Many construction disputes center around a low quality of work. In some cases, it is more cosmetic than anything. The crew installs the kitchen counters but does not take the time to level them, for instance. They still work, but they do not look as good as they should and it detracts from the aesthetic appeal of the kitchen.
In other cases, it's functional. The crew does not hook up all the recessed lights in the kitchen. They forget to run the wires. Half of the lights will never turn on. To the homeowner, the job is nowhere near complete.
These are just two examples, but issues like this can show up in a thousand different ways. But the real question is, "Why do these mistakes happen?" What makes it more likely that a homeowner will find low-quality work in a project?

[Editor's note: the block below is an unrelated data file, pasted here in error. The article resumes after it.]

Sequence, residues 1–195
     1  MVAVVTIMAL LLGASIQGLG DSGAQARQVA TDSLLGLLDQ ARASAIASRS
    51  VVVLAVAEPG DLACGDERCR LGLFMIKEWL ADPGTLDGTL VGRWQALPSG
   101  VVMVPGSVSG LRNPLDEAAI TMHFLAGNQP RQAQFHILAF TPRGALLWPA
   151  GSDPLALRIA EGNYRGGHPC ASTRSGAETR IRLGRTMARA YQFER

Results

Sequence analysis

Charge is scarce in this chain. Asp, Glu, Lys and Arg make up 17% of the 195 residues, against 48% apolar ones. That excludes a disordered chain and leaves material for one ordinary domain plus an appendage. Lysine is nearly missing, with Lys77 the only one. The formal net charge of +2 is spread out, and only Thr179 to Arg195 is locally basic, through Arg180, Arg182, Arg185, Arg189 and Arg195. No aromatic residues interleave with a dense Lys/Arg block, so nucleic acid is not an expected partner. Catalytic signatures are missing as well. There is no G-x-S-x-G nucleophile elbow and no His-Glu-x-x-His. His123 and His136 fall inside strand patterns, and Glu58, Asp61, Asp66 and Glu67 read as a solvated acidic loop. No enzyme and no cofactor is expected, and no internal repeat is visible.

One potential issue is simple: interruptions. Studies have found that people who get interrupted often see the quality of their work dip notably. One report claimed that most workers see about 12 interruptions per hour. It estimated that these interruptions cost the companies that they worked for around $588 billion as productivity and quality decline and mistakes become more common.
Mistakes during construction can easily happen due to interruptions. For instance, perhaps the work crew was running the lines to those kitchen lights when they got interrupted by the general contractor. When they came back to the job, they hooked the lines to the switches without hooking them to the lights themselves. They forgot what step they were on. It's an easy but costly mistake.
No matter why construction disputes begin, it is important for those involved to know what legal options they have to recover their losses.